Here’s how we make the prediction: CR uses survey data it receives from car owners to predict the expected reliability of new cars being introduced to the market by looking across a manufacturer’s historic results (akin to how a weather forecaster predicts it will be sunny) — separate from the hands-on road tests we use for our overall score.
For the Model 3, we looked at more than 2,000 consumer survey responses about Tesla models. In fact, the Tesla Model S is now reported as having above average reliability for the first time ever. The Tesla Model S is also currently CR’s top rated car, period. (Kudos on both, Tesla!)
Second, Tesla has taken larger issue with how CR produces car ratings, citing specific examples where they think our testing methods fell short or were unfair. CR conducts a battery of 50 standardized tests across all the vehicles we review — we have a lot of mileage in this arena. We also continuously update our ratings as new surveys are conducted and we test the cars we purchase to reflect the current realities of what a consumer should expect in the marketplace. (That’s right, purchase. CR does not accept any advertising and purchases the products we rate like any other regular person.) The Model S rating has changed over time, going up and down, as new data becomes available.
Thanks to technological advances such as product changes delivered by an over-the-air software update and thereby adding or subtracting features, we reevaluate products to inform consumers about what to expect after any update. These changes are then reflected in our ratings. Tesla frequently updates its software in just this way, which is relatively unique in the automotive market, often resulting in material changes to its products and therefore our ratings — both positively and negatively. It also happens to drive more frequent press coverage given the need to communicate product changes to consumers.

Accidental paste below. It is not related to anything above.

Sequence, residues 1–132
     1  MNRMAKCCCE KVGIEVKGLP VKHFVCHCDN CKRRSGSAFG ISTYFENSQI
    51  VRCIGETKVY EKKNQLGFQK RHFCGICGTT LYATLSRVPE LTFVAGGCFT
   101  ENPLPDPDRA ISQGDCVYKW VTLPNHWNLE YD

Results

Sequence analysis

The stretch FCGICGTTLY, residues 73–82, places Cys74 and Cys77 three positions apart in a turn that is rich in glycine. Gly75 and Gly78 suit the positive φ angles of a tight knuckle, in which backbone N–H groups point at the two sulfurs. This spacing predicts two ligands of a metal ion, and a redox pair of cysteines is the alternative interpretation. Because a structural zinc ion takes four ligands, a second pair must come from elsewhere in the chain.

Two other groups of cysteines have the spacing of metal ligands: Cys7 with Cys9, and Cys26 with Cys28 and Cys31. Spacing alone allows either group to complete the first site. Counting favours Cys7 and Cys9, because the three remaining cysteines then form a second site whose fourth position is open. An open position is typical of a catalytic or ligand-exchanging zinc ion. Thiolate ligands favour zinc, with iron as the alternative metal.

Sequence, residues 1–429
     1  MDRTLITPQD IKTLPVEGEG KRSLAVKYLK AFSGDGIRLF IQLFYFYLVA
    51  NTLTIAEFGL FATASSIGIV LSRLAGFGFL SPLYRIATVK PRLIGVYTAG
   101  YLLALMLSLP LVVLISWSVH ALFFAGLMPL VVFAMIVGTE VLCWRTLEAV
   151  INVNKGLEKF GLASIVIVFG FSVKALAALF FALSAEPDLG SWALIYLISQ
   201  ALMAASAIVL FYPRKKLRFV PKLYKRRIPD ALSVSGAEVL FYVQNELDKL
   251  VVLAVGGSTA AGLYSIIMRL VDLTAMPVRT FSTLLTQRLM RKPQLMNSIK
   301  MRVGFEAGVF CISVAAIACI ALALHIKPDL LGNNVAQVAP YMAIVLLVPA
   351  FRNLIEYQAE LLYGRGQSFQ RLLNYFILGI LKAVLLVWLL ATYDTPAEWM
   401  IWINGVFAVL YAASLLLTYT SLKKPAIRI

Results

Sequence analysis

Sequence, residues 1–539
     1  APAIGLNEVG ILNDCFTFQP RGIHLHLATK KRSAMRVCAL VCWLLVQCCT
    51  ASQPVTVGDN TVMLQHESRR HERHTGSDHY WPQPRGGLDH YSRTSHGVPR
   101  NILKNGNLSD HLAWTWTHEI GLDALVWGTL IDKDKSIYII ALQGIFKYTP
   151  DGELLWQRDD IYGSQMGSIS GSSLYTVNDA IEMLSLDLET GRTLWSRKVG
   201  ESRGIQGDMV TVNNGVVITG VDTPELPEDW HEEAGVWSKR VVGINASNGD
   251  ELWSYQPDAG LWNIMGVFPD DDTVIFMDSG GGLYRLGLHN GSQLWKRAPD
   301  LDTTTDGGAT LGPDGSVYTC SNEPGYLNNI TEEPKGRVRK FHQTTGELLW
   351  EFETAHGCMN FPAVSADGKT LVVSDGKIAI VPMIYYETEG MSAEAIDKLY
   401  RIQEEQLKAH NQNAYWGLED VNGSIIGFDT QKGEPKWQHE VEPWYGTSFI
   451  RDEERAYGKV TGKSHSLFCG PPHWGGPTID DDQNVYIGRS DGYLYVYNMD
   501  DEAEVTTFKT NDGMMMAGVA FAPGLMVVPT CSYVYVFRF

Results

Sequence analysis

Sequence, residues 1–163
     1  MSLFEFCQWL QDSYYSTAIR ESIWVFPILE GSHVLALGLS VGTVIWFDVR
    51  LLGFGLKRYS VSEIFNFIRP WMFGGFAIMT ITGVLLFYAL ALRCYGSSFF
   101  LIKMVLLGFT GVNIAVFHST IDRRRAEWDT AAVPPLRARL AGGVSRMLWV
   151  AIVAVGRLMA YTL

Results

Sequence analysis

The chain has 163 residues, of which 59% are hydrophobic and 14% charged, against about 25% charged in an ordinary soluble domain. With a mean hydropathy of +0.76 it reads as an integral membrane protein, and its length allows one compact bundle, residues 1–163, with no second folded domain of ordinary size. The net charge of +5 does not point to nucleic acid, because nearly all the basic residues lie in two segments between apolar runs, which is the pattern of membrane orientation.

While our reliability survey data feeds into the overall score we give any product,that is just one input. As with all the cars we review, you can rest assured that we will thoroughly test and evaluate the Model 3 with the same care and scrutiny we apply to all the cars we test just as soon as we can get one — we’re waiting patiently along with other consumers.
As an independent, nonprofit organization that works side-by-side with consumers to create a fairer, safer, and healthier world, CR provides trusted knowledge people depend on to make better, more informed choices. We conduct evidence-based product testing and ratings, rigorous research, hard-hitting investigative journalism, public education, and steadfast advocacy on behalf of consumers’ interests. Buying a car that has an average or above average score for predicted reliability will likely reduce the chances of having problems with the car.
We at CR are confident in our data, methods, and reporting — and the historic results we’ve achieved in improving consumer products, services, and the marketplace. We will continue to report on and test Tesla’s products in the same fair-minded, consumer-focused way we do with all manufacturers, to help shape products to best serve the needs of consumers.